But, although my daughter is absent, she is not lost.  And she is not under that headstone.  She is where she was created to be ... I am the one who is out of place.

Does that make me miss her any less?  Absolutely not.

I can thankfully say that on a day-to-day basis, God has restored my joy and I do not grieve with the intensity that I once did.  But there are still days when the "missing" is enough to bring me to my knees, and birthdays are one of those times.

But God has given us a promise.  Isaiah 25:8 (ESV) says, "He will swallow up death forever; and the Lord God will wipe away tears from all faces, and the reproach of his people he will take away from all the earth, for the Lord has spoken."

Death will be swallowed up, the sting of tears will be wiped away, and I will see my Hannah again.  I just have to wait.

Image from

Thursday, October 8, 2015

Thoughtful Thursday - Broken Pieces

I had the pleasure of spending last week at the beach in Navarre, Florida, with my Mom and her friend, Carol.  I've never had the opportunity to go on a "girls trip" like this with my Mom, so it was a real blessing to be able to go.

The weather was not the greatest while we were there.  In fact, it rained so hard on Tuesday that they had to close down the elevators because the shafts were flooding.  Being sixteen floors up, we were grateful that we were safe and dry inside when that call was made!

Even though the weather wasn't ideal most of the time, I was able to get in several good walks on the beach.  Navarre is known for its beautiful seashells, and I have a friend who has an amazing collection of shells from there, so I kept my eyes open for some good ones.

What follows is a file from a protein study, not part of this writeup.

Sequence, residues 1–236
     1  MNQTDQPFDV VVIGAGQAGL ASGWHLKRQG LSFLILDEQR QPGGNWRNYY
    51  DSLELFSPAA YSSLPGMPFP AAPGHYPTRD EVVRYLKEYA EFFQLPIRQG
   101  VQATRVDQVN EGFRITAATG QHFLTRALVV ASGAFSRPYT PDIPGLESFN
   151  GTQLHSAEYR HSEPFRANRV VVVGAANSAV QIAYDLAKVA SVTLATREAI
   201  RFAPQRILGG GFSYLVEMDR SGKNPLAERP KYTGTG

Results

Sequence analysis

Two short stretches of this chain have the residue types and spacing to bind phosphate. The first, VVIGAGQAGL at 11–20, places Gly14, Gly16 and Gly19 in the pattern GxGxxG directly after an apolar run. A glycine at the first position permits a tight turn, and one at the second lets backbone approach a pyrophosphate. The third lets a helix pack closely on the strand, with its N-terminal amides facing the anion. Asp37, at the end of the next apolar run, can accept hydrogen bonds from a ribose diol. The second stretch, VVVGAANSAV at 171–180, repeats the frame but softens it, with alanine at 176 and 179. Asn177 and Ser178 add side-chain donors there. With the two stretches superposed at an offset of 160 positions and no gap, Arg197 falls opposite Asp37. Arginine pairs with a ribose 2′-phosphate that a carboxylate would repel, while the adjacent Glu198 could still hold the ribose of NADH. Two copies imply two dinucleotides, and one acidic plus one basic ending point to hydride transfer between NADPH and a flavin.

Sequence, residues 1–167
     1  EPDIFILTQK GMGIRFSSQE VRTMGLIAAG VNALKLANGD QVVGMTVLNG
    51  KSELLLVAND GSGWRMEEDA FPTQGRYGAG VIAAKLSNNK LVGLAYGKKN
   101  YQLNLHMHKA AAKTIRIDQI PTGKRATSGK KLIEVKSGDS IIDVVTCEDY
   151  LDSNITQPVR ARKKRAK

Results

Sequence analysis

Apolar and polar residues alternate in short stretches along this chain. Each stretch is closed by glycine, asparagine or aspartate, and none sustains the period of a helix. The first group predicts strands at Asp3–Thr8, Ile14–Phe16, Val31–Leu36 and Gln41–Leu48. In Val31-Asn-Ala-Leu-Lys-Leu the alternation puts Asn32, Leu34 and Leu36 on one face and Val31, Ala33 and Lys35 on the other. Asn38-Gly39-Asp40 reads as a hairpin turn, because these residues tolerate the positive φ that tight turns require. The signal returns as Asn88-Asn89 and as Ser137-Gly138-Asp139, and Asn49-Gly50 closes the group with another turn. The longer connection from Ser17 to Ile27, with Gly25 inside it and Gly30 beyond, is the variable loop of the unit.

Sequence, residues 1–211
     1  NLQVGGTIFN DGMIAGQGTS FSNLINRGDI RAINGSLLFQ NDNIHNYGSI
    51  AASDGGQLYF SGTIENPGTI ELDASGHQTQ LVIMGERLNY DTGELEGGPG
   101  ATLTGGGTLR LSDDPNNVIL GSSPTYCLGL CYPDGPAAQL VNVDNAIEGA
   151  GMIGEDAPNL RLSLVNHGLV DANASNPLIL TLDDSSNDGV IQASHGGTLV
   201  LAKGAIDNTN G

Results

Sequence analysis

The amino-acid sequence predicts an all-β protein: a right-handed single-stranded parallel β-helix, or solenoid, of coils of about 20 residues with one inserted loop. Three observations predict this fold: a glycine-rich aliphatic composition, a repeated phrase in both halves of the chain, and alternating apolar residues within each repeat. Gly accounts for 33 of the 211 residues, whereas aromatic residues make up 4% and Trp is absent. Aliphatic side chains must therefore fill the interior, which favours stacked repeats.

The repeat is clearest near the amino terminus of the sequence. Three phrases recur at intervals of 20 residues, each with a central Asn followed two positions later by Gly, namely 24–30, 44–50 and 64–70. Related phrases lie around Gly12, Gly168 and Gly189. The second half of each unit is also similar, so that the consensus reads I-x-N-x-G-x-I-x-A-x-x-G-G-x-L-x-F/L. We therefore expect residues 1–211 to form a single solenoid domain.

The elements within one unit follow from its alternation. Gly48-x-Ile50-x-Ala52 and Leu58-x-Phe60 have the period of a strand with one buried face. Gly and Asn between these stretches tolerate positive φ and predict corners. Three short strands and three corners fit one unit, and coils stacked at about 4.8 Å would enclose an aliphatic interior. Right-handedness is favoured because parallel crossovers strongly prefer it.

But as I walked along the edge of the chilly waves, with my toes in the sand and the seagulls skittering along ahead of me, searching for perfect shells, I remembered something one of our While We're Waiting moms said at a support group meeting a couple of years ago.  She and her husband had taken their first trip to the beach since the death of her 23-year-old son, and she talked about how she was walking on the beach, looking for shells, much like I was doing.  But here's what she said that struck me.  She said, "I found myself drawn to the broken shells. And I realized that as long as I remember to stay broken, God can still use me."  When she said this, it made such an impression on me that I wrote it down.